The Question: My partner has been trying to get help for depression, addiction and anxiety issues. He was put on a wait list for a prescription assessment but won’t be seen for three months. Unless you are at serious risk of suicide or about to physically harm others, the system doesn’t seem to care. Is there any way we can speed up this process?
The Answer: It sounds as if your partner may have what health-care providers refer to as “dual diagnosis” – a substance-abuse problem combined with a psychiatric disorder. It can include a patient with psychotic illness using crack cocaine or someone with anxiety trying to quell symptoms with alcohol. You want to make sure your partner gets into the right treatment program as one size definitely does not fit all.
“There are real obstacles to accessing service, whether it’s in a major urban centre in Toronto, or in a small, northern community,” according to David Goldbloom, a professor of psychiatry at University of Toronto, who pointed out that six million Canadians each year meet the criteria for a diagnosable mental disorder.
While going to a family doctor is the usual route to help, don’t count on that physician being able to fast-track your partner to a specialist. It’s not for lack of effort; it’s just that many doctors have similar problems obtaining help for their patients due to finite health resources and a system that isn’t well-organized.
“What general practitioners have encountered often is either tremendously long wait lists or people [psychiatrists]saying, ‘I’m not taking any patients,’” notes Dr. Goldbloom, who is also senior medical advisor at the Centre for Addiction and Mental Health in Toronto.
A recent study in The Canadian Journal of Psychiatry found that of 230 Vancouver psychiatrists contacted regarding a depressed man, 160 were unable to accept a referral; 70 would consider a referral but could not provide estimated wait times. Six offered appointments, ranging from four to 55 days from the date of enquiry.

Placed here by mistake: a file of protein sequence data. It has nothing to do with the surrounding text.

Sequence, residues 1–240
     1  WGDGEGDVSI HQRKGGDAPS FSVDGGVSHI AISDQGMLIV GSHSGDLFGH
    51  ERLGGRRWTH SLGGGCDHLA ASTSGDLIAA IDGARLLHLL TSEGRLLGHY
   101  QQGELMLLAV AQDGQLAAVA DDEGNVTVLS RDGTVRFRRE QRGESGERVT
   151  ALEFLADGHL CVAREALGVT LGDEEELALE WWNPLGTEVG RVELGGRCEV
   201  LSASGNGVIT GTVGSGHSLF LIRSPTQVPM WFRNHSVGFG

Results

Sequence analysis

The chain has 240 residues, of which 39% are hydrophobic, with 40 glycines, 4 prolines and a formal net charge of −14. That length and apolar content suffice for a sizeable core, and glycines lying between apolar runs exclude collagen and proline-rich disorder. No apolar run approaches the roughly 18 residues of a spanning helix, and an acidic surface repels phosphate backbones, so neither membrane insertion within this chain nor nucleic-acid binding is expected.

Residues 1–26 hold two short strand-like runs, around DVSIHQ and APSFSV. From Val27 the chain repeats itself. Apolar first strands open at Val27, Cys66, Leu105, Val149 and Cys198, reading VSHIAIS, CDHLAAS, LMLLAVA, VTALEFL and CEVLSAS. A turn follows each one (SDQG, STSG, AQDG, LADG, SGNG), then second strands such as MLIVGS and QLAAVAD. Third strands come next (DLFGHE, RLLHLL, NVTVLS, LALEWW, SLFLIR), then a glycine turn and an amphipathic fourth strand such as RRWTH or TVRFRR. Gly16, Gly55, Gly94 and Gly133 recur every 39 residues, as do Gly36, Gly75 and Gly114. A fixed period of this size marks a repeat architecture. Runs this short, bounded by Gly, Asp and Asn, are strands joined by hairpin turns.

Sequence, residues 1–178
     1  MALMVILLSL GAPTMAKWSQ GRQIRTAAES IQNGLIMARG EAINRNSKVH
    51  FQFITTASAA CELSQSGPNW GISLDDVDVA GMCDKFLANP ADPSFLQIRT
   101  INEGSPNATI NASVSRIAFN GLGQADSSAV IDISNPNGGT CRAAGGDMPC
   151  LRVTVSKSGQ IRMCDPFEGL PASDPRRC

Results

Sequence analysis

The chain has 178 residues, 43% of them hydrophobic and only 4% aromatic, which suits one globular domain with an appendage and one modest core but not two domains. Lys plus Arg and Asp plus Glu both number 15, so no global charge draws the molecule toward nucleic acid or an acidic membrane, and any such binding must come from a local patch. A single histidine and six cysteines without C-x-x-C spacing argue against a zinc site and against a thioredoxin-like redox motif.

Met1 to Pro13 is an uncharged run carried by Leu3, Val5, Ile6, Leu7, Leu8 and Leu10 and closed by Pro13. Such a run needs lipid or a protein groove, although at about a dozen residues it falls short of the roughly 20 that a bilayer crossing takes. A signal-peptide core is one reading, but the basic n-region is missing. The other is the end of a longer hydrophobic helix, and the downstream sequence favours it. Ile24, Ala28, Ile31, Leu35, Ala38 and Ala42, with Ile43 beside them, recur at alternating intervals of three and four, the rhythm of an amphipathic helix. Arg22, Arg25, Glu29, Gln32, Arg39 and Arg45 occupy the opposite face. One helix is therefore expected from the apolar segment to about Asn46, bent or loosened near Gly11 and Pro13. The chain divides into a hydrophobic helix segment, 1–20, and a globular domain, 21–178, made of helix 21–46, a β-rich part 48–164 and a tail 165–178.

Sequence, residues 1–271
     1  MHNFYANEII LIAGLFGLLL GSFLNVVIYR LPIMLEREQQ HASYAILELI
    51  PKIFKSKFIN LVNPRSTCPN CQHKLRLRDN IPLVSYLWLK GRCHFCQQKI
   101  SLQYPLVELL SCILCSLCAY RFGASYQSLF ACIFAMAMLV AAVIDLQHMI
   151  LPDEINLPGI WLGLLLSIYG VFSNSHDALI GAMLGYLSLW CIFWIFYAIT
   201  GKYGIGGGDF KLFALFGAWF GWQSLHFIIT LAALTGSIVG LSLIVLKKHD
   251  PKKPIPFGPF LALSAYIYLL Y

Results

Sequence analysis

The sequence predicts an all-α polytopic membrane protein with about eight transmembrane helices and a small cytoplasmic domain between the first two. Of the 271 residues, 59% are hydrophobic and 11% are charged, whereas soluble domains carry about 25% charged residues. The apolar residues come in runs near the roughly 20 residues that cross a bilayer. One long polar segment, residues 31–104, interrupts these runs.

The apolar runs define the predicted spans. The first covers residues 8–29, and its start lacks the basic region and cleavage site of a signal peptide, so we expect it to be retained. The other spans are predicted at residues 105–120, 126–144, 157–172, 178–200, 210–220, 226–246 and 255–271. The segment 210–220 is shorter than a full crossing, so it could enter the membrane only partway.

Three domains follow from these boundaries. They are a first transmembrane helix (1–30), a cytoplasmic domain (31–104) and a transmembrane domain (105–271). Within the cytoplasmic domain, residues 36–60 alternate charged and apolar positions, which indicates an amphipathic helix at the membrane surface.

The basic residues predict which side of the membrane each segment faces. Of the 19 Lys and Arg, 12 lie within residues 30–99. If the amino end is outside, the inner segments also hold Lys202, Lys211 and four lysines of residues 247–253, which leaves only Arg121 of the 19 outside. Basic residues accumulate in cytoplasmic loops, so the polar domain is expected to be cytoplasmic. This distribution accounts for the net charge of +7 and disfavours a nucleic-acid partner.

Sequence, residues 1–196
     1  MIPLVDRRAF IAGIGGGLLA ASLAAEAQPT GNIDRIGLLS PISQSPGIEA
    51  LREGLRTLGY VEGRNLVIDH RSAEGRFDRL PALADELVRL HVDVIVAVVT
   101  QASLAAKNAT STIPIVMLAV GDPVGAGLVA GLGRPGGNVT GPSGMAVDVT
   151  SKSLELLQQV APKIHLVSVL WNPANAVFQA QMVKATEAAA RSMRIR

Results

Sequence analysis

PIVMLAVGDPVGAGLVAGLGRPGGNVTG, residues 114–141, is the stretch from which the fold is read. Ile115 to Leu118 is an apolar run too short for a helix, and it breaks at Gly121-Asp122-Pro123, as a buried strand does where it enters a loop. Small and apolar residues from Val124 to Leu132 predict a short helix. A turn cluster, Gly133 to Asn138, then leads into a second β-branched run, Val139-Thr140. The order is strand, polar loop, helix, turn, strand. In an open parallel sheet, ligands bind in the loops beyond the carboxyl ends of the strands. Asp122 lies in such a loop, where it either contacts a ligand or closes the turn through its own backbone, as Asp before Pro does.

Even within provinces, accessing care can vary. Victoria Mental Health and Addictions Intake will accept referrals from physicians and nurse practitioners; in Vancouver people can self-refer by phone through Vancouver Coastal Health. For more specialized care, physicians can refer patients to BC Mental Health & Addictions Services.
My advice is to start but don’t stop with your family doctor. Since you are based in Toronto, your partner could also self-refer to the Centre for Addiction and Mental Health, which will be able to do an assessment. The wait list there is weeks and it can match your partner with services within or beyond CAMH. Self-help groups can also be useful.
I wish there was a magic bullet for your partner’s problem but there’s no easy way to fast-track a referral in the public health-care system.
The following list of websites and resources may be helpful in obtaining mental-health services.
Metro Addiction Assessment Referral Service: 416-599-1448
The Patient Navigator is a column that answers reader questions on how to navigate our health-care system. Send your questions to email@example.com.
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